The trend of reduced mortality for various cancers, including testicular cancer, has increased clinicians' awareness of the importance of long-term quality of life after surgery and chemo- and radiotherapy. Recent literature has focused on cancers involving the testes and genitalia (8, 12, 14, 15), but sexual function in male survivors of other frequent cancers has also been investigated (16, 17). In general, while TC survivors maintain or recover a good quality of life, investigation of their sex life reveals marked changes (18–20). Carpentier et al. highlighted that the diagnosis and therapy stages are associated with peak levels of anxiety and concern, which then drop in the post-treatment period. Similarly, stress-related central inhibition of sexual function results in a rise in libido, erection, and ejaculation disorders during cancer treatments (4). In fact, sexual dysfunctions in TC patients may arise from a combination of treatment-related physical side effects (genital mutilation, reduced testosterone levels, chronic pain, and other residual side effects) and psychological vulnerability (anxiety, fear, mood disorders, etc.) (Figure 2) (21). A possible underlying cause may be the induction of iatrogenic hypogonadism: in fact, orchiectomy, chemotherapy, and radiotherapy may all induce gonadal dysfunction. Our group recently found that a cohort of orchiectomized TC patients prior to cancer treatment had increased levels of gonadotropins and reduced testosterone in comparison with healthy controls, albeit still within the normal range (22). Some authors have shown that gonadotropin alterations persist after chemotherapy, while about 10% of patients may suffer from low total testosterone levels after treatment or have a higher risk of late onset hypogonadism (20, 23–26). However, other authors found that chemotherapy had only mild effects on hormone levels (27, 28). In contrast, radiotherapy may affect testosterone levels for up to 5 years in TC patients who received testicular irradiation for contralateral carcinoma in situ (29), but direct testicular irradiation is not a standard treatment for TC patients and current radiotherapy protocols probably have only a minor effect on testicular function (20). In any case, whether or not altered gonadotropin and testosterone levels are the only determinant of sexual dysfunctions in TC patients is still under debate. The already cited study by Huddart et al. found that about 10% of post-therapy TC patients had biochemical hypogonadism, with worse sexual function than observed in non-hypogonadal TC survivors (20). However, a later study by Lackner et al. (30) found a higher percentage of post-treatment hypogonadism (26%). These authors could not identify an unambiguous threshold level for testosterone associated with the onset of sexological symptoms, and hypothesized that each patient might have an individual threshold (30). In 2009, Eberard et al. published a caseload of 129 TC survivors 3–5 years post-therapy compared to an age-matched group of men without cancer, observing that TC survivors had a higher likelihood of low sexual desire (OR 6.7) and erectile dysfunction (OR 3.8) compared to controls, but that these conditions could not be predicted from the presence of hypogonadism (31). However, these results are limited by the lack of the pre-treatment status of the TC patients. Subsequent studies also failed to find a clear association between sexual dysfunctions and biochemical hypogonadism (28, 32–34). In conclusion, most of the literature evidence suggests that the high prevalence of sexual dysfunctions cannot be justified by the relatively low prevalence of biochemically detected hypogonadism. Another hypothesis could link sexual dysfunctions to specific treatment modalities. The side effects of several chemotherapy drugs include endothelial damage, angiopathy, and peripheral neuropathy, which may be linked to erectile and ejaculatory disorders (35, 36). Radiotherapy can cause sexual dysfunctions by inducing damage to the cavernous nerve and/or progressive fibrosis of the cavernous tissue and endothelial damage, which can become clinically evident through the onset of erectile dysfunction even several years post-treatment (37). However, the literature data are inconsistent, as several studies report no significant associations between sexual dysfunctions and specific treatment modalities (31), while others report the significant influence of either chemo- or radiotherapy (14, 15, 32, 38). The reason for this variability could be the use of different combinations of these therapies with different surgical procedures (tailored to the patient in relation to various clinical parameters such as stage, etc.), while individual variability might also induce different outcomes. Kim et al. reported that surgery combined with chemotherapy produced a higher incidence of reduced libido and ejaculatory disorders, while surgery combined with radiotherapy was followed by a greater incidence of erectile dysfunction (32). More recently, Bandak et al. observed that each treatment modality carried an increased risk of erectile and orgasmic dysfunctions, with multimodal treatment associated with the highest risk (15). Invasive surgical procedures such as retroperitoneal lymph node dissection are known to have a strong impact on sexual function (especially ejaculatory and orgasm disorders and impaired satisfaction) (12). Several studies have confirmed a worse sexological outcome after retroperitoneal surgery (lymph node dissection and/or re-surgery for relapse after chemotherapy) as a consequence of ejaculatory nerve damage during the procedure (10, 12, 21, 39, 40). Another issue is the trend of sexual dysfunction over time in TC survivors, as most literature studies are cross-sectional and only a few longitudinal studies are available. We currently expect a higher incidence of SD soon after the orchiectomy and the end of cancer treatment. Tuinman et al. found low IIEF scores post-orchiectomy and 3 months post-treatment, with significant improvements after 1 year of follow-up (41). These results were comparable to those of other studies focusing on SD within the first year after treatment (5, 42, 43). Long-term pre- and post-therapy comparisons are rare. Aass et al. found that sexual problems persisted in about 30% of TC survivors 36 months post-treatment (39), while Böhlen et al. reported no significant pre- vs. post-therapy differences in sexual function after at least 32 months of follow-up (44). Despite the general agreement on the presence of sexual dysfunctions in TC survivors, the absence of longitudinal long-term follow-up and the lack of standardization in the measurement of sexual function limit the assessment of their true patient burden. Data comparison and generalization are difficult, as different papers use a variety of tools and methods to evaluate sexual function. Moreover, in common with most sexological questionnaires, IIEF is poor at discriminating to what extent sexual dysfunctions are secondary to the organic sequalae of cancer treatments (45). In accordance with most of the available literature data, our results clearly show that TC patients undergoing orchiectomy and chemotherapy suffered from a higher degree of sexual dysfunctions than a control population of cancer-free subjects. These mainly presented as erectile dysfunctions, but also as impaired sexual desire and satisfaction. The incidence of orgasmic dysfunction did not differ significantly from controls. It is worth noting that the presence of these sexual dysfunctions at the baseline suggests that they might be induced by orchiectomy. However, it is difficult to find a biological relationship. We found a lower incidence (about 4%) of biochemical hypogonadism at the baseline (total testosterone < 8.0 nmol/l) than in other reports, but like them, we found no significant correlation with sexual function domains (20, 30, 31). This suggests that sexual dysfunctions are not explained by abnormal hormone levels consequent to orchiectomy and might instead be more closely associated with a psychological burden in these patients, which might coexist and be synergistic with treatment-induced hypogonadism. As the testicles are associated with masculinity, orchiectomy might well induce changes in body perception. In a caseload of 407 TC patients, Rossen et al. observed that about 17% had a reduced perception of masculinity induced by orchiectomy. This was associated with a 9-fold increased risk of erectile dysfunction and a 15-fold increased risk of sexual discomfort (10). Wortel et al. reported that after orchiectomy, up to 50% of patients might complain of a distorted perception of body image (42). All of our patients underwent the insertion of a testicular prosthesis. This may have positively influenced their body perception, as suggested in a study by Catanzariti et al. (43), but whether and to what extent this might have contributed to the improved IIEF-15 scores in our study is unknown, and should be investigated in further studies. We also detected a significant improvement in erectile function post-therapy. Although some degree of erectile dysfunction persisted at all time points, the incidence constantly dropped in the first 2 years after treatment (up to T4) and the IIEF-15 erectile dysfunction scores improved and were comparable to the controls 1 year after treatment (T2). There was also a trend of improvement in sexual desire and in both intercourse and general satisfaction, but follow-up showed that they remained significantly worse than in the controls. To our knowledge, the present study is the longest monocentric follow-up currently available for the sexological evaluation of TC patients. Unfortunately, the generalizability of data comparisons against healthy controls might be reduced for long term follow-up, as the increased percentage of patients with erectile dysfunction at T5 and T6 may simply be due to their increased age and the consequent possible onset of other factors (hypertension and other cardiovascular diseases, use of medications, etc.) increasing the incidence of sexual dysfunctions, independently of TC and its treatments.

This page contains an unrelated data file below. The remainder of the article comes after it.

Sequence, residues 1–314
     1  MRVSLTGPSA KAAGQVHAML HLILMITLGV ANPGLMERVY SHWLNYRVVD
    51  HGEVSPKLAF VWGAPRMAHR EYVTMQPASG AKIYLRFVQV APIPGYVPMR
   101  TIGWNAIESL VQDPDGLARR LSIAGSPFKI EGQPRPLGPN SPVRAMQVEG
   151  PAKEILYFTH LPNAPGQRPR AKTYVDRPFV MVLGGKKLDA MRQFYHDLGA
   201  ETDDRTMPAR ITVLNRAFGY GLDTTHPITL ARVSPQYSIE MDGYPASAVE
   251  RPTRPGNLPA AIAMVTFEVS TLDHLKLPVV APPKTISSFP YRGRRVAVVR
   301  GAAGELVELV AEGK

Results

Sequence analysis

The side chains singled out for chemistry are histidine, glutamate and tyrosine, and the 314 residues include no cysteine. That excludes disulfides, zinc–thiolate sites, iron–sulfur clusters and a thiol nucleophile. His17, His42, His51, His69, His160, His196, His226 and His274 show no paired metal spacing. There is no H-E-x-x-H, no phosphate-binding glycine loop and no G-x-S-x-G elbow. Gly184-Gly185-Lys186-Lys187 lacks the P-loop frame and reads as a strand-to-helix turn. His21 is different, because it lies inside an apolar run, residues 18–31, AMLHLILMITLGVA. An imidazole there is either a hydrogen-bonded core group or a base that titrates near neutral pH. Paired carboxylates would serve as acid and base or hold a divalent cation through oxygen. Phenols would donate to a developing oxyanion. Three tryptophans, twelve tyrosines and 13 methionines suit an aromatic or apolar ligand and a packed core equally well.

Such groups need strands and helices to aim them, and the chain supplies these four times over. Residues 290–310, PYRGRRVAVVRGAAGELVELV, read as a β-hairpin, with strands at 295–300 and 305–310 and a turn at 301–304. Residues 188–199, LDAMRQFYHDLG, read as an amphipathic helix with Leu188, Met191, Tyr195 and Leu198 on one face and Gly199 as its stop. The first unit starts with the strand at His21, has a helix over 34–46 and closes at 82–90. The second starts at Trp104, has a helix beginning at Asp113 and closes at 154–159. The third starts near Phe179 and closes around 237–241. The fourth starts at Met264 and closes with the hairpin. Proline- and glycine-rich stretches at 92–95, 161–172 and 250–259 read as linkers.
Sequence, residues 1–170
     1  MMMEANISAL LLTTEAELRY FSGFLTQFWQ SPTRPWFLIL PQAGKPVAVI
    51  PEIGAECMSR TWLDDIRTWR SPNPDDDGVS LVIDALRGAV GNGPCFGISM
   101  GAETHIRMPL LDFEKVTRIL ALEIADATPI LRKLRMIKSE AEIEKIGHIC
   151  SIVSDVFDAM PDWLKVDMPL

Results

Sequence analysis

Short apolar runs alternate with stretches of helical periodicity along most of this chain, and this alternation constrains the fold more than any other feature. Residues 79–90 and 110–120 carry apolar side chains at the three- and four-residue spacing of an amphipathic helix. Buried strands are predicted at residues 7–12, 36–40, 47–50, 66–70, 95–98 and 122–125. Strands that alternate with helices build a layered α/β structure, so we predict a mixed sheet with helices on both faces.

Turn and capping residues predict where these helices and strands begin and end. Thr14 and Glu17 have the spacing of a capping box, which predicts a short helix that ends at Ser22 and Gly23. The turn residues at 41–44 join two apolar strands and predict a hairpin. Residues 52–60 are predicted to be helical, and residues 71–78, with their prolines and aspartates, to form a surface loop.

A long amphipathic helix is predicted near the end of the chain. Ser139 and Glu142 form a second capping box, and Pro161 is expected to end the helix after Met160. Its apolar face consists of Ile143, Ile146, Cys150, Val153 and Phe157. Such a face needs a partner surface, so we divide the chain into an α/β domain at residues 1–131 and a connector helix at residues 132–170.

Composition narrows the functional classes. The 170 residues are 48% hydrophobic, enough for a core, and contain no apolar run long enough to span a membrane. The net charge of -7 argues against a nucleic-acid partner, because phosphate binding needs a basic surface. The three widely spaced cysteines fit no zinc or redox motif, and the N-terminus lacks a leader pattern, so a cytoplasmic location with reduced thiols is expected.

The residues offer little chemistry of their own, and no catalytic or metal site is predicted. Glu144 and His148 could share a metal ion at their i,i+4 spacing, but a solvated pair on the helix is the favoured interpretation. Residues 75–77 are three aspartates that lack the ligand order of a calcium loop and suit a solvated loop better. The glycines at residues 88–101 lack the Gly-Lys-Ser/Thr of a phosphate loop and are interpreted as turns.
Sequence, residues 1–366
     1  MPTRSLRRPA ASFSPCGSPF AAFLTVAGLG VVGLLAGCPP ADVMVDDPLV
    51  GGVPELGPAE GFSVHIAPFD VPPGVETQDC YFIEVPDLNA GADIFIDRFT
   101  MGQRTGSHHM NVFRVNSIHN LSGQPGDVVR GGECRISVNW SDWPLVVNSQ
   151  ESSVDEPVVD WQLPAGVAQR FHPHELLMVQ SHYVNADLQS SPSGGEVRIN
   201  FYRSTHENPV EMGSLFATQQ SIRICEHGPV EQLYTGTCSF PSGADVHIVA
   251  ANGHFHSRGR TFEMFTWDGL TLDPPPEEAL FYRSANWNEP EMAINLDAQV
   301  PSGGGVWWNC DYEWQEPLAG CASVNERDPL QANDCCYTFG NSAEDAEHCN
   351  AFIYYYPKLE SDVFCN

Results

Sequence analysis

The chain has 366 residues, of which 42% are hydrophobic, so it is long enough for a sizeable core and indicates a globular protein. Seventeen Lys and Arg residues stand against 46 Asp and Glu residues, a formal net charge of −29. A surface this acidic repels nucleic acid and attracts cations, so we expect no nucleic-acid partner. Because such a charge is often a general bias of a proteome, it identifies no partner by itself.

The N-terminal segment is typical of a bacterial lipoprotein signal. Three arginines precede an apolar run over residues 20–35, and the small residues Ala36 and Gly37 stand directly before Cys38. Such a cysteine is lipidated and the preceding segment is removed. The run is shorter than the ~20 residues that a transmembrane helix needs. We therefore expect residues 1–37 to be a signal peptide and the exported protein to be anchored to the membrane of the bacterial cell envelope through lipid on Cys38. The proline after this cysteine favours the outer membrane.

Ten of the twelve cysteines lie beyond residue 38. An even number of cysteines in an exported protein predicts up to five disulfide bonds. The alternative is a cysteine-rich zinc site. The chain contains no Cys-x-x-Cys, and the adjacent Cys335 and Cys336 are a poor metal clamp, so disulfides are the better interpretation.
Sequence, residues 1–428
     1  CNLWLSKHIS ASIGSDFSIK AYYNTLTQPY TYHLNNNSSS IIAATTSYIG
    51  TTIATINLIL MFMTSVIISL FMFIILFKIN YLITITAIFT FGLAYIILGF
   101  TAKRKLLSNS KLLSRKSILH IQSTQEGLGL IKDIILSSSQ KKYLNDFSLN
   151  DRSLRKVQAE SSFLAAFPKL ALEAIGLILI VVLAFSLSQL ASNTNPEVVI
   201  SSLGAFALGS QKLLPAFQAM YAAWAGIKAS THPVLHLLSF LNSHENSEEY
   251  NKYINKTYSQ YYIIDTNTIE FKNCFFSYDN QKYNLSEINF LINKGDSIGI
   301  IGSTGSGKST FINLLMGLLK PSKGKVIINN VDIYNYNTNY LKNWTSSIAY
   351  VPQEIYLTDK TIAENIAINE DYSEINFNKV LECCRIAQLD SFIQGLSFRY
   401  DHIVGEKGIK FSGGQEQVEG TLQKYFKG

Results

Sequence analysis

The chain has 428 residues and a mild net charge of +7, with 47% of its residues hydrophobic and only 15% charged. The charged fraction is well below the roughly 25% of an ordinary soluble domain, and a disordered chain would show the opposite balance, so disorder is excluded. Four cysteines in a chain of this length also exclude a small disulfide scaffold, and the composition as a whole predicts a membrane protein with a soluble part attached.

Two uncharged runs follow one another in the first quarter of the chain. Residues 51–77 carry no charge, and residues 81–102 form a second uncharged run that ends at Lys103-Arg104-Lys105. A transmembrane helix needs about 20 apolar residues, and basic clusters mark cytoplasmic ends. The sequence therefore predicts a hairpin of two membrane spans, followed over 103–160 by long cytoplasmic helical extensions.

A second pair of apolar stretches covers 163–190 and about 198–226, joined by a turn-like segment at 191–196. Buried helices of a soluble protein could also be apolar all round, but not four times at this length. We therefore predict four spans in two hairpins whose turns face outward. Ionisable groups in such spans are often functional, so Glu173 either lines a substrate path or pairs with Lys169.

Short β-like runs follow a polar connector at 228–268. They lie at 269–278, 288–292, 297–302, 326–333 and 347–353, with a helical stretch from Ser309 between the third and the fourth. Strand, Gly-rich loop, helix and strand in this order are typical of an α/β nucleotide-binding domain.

In conclusion, our data, from a large caseload compared to a control group of similar age and strengthened by the use of a validated psychometric tool, indicate that TC patients need adequate sexological counseling following diagnosis/orchiectomy and prior to chemotherapy. Discussing these aspects with patients could help them to cope with the disease and to understand that their erectile function should improve within a year after the end of treatment. Future studies should identify subjects who are more likely to suffer from SDs, thus permitting the better follow-up of these patients and enabling them to be offered all the support they need to maintain a satisfactory sex life and, consequently, a good general quality of life.
The datasets for this manuscript are not publicly available. If required, the data are available in our database upon request. Requests to access the datasets should be directed to email@example.com.
FL, FP and DP conceived the study; FP and FL wrote the article; FP, AP and FC acquired and analyzed the data; FL, FP and DP contributed to data interpretation; AR and AL manuscript revision.
This work was supported by a grant from the Italian Ministry of Education and Research (MIUR-PRIN 2015- 2015XCR88M-006) and the University of Rome Sapienza Faculty of Medicine.
Conflict of Interest Statement
The authors declare that the research was conducted in the absence of any commercial or financial relationships that could be construed as a potential conflict of interest.
The authors wish to thank Marie-Hélène Hayles for the English revision.
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Keywords: testicular cancer, cancer survivors, orchiectomy, sexual function, erectile dysfunction, IIEF
Citation: Pallotti F, Petrozzi A, Cargnelutti F, Radicioni AF, Lenzi A, Paoli D and Lombardo F (2019) Long-Term Follow Up of the Erectile Function of Testicular Cancer Survivors. Front. Endocrinol. 10:196. doi: 10.3389/fendo.2019.00196
Received: 31 January 2019; Accepted: 08 March 2019;
Published: 02 April 2019.
Edited by:Andrea Garolla, University of Padova, Italy
Reviewed by:Giancarlo Balercia, Polytechnical University of Marche, Italy
Sandro La Vignera, Università degli Studi di Catania, Italy
Copyright © 2019 Pallotti, Petrozzi, Cargnelutti, Radicioni, Lenzi, Paoli and Lombardo. This is an open-access article distributed under the terms of the Creative Commons Attribution License (CC BY). The use, distribution or reproduction in other forums is permitted, provided the original author(s) and the copyright owner(s) are credited and that the original publication in this journal is cited, in accordance with accepted academic practice. No use, distribution or reproduction is permitted which does not comply with these terms.
*Correspondence: Donatella Paoli, firstname.lastname@example.org